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London home admits it erred in telling caregivers they could get COVID-19 vaccine

·2 min read

A London retirement home says it incorrectly told essential caregivers to seek COVID-19 vaccines at the Western Fair Agriplex despite the fact they aren't eligible for the shot in the region.

Amica London sent an email to some essential caregivers — registered, essential visitors who provide care such as feeding or mobility — advising them they were eligible to receive the COVID-19 vaccine and to book an appointment at the vaccination site run by London Health Sciences Centre.

“Unfortunately, an update we sent to family members who are essential caregivers on Jan. 5 contained incorrect information,” Sandra Taggart, Amica London’s general manager, said in an email statement.

“Understandably, they were upset.”

Gayle Detenbeck of Bayfield, an essential caregiver for her 93-year-old mother at Amica, said earlier this week she was denied a vaccine at the Agriplex after booking an appointment.

She said she was “angry and frustrated” after driving an hour and a half from Bayfield, only to be turned away after signing waivers and making it past two screening checkpoints.

The 70-year-old is also an essential caregiver for her 71-year-old husband, who has Alzheimer’s, at a long-term care home in Clinton.

Detenbeck said she’s confused by the mixed messages surrounding the vaccine rollout, which lists essential caregivers in long-term care homes as a priority in the province’s first phase.

“One day it’s yes, the next day it’s no,” she said. “With all the other COVID things and with me being a caregiver for two people and the stress of that, it’s just overwhelming, all this uncertainty.”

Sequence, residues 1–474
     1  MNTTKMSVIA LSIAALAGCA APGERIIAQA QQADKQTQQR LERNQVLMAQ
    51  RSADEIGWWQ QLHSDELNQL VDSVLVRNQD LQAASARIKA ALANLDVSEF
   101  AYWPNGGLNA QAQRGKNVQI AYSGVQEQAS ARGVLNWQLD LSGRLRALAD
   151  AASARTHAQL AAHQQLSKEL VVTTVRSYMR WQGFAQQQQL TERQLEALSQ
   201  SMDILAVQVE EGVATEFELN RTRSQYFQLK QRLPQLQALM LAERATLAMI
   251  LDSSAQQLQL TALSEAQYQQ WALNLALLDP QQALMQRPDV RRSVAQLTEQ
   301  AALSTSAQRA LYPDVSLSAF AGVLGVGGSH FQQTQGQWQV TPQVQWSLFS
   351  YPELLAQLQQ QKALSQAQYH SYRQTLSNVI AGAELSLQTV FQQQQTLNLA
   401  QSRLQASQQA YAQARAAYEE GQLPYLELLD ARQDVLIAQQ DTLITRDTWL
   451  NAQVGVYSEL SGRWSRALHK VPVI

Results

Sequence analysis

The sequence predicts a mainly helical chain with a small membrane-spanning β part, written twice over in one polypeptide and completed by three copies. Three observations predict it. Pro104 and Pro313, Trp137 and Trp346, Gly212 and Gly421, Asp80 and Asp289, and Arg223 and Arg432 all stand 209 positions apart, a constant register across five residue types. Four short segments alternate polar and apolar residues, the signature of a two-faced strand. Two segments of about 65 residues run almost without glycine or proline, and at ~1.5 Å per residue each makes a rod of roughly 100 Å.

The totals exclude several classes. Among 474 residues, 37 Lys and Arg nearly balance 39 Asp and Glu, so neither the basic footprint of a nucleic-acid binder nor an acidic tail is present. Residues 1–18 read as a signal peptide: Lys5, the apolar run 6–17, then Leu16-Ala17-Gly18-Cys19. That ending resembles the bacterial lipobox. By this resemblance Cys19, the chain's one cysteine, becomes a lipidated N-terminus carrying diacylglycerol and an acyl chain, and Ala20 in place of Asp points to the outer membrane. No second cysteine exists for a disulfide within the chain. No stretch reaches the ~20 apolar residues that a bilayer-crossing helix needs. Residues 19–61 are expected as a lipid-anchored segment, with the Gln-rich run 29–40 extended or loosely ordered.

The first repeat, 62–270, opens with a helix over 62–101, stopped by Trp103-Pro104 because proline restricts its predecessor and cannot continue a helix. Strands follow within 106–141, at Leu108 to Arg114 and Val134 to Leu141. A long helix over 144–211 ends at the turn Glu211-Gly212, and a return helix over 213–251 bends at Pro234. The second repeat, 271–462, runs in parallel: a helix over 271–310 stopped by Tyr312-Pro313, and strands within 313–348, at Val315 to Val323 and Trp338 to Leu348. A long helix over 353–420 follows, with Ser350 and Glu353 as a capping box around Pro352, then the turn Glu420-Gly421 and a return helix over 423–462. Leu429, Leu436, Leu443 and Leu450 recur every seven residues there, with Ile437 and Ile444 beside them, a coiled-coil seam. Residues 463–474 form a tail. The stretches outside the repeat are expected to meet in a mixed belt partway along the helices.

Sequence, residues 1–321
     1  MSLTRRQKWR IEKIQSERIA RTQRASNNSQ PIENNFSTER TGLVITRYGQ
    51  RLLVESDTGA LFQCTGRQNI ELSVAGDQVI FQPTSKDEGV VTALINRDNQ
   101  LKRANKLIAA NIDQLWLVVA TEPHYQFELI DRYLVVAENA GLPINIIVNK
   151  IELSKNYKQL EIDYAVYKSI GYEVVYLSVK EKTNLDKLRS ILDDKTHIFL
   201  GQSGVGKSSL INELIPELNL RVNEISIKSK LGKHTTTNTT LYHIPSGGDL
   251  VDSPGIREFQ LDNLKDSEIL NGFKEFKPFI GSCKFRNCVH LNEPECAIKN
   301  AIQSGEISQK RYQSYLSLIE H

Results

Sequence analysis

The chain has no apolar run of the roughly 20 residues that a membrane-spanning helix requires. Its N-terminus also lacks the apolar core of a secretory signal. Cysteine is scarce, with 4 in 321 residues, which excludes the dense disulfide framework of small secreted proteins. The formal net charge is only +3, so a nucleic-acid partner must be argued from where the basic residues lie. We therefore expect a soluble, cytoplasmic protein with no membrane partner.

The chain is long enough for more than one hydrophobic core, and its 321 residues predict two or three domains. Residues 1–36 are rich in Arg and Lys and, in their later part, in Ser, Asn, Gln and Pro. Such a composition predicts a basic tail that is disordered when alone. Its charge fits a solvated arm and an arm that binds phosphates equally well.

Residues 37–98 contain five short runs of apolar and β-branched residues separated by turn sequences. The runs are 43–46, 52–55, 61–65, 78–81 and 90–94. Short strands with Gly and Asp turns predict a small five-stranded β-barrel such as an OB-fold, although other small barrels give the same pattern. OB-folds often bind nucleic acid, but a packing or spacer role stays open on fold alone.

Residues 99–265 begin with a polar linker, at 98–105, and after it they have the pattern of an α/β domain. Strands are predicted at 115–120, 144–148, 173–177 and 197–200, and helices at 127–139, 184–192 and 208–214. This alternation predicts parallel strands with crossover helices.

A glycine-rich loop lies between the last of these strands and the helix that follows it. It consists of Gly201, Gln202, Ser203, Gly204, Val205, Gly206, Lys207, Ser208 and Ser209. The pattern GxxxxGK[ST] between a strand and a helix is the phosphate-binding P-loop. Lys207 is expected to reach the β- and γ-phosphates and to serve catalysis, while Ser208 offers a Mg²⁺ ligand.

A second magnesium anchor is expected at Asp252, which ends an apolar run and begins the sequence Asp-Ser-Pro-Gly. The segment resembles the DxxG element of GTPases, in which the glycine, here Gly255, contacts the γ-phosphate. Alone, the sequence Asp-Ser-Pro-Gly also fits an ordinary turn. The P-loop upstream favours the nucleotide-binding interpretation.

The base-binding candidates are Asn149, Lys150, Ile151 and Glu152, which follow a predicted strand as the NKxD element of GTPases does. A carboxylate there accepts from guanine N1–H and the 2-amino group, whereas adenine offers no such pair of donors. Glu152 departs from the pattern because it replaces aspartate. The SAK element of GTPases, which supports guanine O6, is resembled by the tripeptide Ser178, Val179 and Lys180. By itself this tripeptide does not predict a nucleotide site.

Essential caregivers, including family caregivers, in long-term care and other congregate living settings for seniors, are included in the groups to be vaccinated in the province’s Phase 1 rollout, according to Ontario’s COVID-19 vaccine framework.

But locally, the health unit is prioritizing residents and health-care workers in long-term care homes due to limited vaccine supplies.

“We have not had enough to be able to open it up to essential caregivers,” said associate medical officer of health Alex Summers. “It’s true that other parts of the province have been able to.”

London Health Sciences Centre temporarily stopped vaccinating front-line doctors and nurses, except those due for a second dose.

Summers said the health unit would like to open up vaccinations to essential caregivers in the coming weeks.

“There’s an importance of establishing these prioritization approaches and queues,” he said. “It’s really frustrating for people for sure, but it’s really critical.”

maxmartin@postmedia.comThe Local Journalism Initiative is funded by the Government of Canada.

Max Martin, Local Journalism Initiative Reporter, London Free Press